We are living in highly polarized times that are remindful of the conflicts of the 1960s over the war in Vietnam and the role of nuclear weapons in America’s foreign policy. I have, however, had occasion to reflect recently on one area in which everyone should be able to have a common vision of what is right and a sense of both pride and sorrow. The inspiration for these thoughts was seeing the movie, Taking Chance, starring Kevin Bacon. This movie was “made for television” and since I don’t watch much TV, it got by me in 2009 without even being noticed, despite Bacon having won a Golden Globe for Best Performance by an Actor in a Miniseries or a Motion Picture Made for Television.
It’s a straight-ahead story, though unusual, I suspect, for a TV movie in that there is relatively little dialogue. Part of the magic is that the film relies on visual imagery rather than a lot of dialogue. The story line is that Gulf War-decorated Marine Lieutenant Colonel Michael Strobl volunteered to escort to the family in Wyoming the remains of 19-year old PFC Chance Phelps, who was killed, with severe wounds, in combat in Iraq. In the film, based on a true story, Strobl has been deeply conflicted by his decision to remain with his family and perform desk duties rather than return to combat in Iraq when others did. His volunteering as escort for Phelps is motivated by a need for some kind of redemption for that decision. He receives detailed instructions on exactly how the personal effects and the casket are to be treated at every step of the long journey home to a family divided by divorce and overwhelmed with grief.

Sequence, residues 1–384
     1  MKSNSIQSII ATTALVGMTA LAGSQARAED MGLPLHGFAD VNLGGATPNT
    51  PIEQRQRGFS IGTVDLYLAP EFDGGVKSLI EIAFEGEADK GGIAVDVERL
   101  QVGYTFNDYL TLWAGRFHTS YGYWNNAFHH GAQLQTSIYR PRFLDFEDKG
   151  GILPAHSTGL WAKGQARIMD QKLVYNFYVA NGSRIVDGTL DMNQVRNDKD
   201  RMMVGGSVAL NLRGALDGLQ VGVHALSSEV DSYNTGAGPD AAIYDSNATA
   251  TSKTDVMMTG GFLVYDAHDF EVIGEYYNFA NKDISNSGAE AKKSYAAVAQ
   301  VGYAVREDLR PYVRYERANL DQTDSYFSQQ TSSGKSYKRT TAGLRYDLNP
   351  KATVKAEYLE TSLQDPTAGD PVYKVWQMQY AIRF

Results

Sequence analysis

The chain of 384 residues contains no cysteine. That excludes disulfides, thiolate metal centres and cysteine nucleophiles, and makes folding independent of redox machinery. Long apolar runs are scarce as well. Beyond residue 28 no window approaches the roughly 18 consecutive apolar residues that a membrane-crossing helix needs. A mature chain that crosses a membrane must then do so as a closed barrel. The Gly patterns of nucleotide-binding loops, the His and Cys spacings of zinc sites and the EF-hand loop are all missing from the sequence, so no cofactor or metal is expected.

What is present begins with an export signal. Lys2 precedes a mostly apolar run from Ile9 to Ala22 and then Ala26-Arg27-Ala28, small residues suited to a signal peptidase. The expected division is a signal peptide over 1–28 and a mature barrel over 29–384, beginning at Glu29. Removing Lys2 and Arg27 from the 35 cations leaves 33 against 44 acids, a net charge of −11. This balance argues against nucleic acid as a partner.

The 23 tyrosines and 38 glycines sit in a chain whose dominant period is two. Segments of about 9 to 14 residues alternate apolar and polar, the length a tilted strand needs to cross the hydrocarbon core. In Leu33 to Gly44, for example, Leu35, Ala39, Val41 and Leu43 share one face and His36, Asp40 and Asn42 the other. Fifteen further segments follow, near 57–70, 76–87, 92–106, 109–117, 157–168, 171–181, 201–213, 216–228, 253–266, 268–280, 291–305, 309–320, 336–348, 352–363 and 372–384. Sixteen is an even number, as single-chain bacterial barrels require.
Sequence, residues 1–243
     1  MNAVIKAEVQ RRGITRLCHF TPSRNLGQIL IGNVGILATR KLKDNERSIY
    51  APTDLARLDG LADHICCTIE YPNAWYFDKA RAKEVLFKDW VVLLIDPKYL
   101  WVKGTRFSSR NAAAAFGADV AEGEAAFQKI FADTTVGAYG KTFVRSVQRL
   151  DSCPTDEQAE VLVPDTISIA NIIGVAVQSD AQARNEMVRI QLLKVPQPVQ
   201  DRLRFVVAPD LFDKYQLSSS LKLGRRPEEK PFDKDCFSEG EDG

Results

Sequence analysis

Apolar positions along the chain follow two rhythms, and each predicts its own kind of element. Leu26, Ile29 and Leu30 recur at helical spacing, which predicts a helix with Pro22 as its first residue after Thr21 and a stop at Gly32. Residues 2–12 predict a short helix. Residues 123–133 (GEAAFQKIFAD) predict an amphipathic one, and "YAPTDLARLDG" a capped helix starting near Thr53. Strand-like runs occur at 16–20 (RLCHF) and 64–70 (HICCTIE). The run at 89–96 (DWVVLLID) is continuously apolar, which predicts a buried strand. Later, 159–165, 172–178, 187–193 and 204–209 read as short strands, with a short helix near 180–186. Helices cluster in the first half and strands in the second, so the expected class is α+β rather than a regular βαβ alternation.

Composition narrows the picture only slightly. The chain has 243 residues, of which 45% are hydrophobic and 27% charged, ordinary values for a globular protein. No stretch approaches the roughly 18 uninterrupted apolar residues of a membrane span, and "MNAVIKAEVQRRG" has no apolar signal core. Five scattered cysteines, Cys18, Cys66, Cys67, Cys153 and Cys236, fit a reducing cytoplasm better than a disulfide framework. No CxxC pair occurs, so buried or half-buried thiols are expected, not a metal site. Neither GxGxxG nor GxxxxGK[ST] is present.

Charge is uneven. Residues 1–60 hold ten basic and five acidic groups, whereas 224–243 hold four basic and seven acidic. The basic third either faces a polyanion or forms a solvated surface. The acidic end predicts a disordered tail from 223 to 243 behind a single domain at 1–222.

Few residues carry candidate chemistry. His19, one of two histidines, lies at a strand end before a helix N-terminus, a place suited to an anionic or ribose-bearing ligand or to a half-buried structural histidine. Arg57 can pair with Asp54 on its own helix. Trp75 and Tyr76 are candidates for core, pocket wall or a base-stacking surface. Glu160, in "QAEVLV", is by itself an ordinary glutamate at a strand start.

The story spends some time on the intimate, painful work to prepare the body for burial in full dress uniform in every immaculate detail. The caring and respect of the people doing this work is palpable. I had never before considered this aspect of the return of dead soldiers to their homeland and was deeply moved by it. It is presented with great dignity.
On the journey, Lt. Col. Strobl renders honors at every movement of the casket, often in the presence of overwhelmed airline personnel who have witnessed this many times. Strobl stands at attention and salutes the casket as it slowly moves from the cargo hold of the plane carrying the body. These scenes and others throughout the film will, I predict, break your heart.
I will provide no other spoilers – just a warning to have tissues handy. The film will change you, with insights into an aspect of war that everyone should absorb, as they are sitting in the comfort and safety of their homes. I came away with a profoundly deeper sense of respect for the military men and women who defend our country and our way of life every day. See for yourself. Please.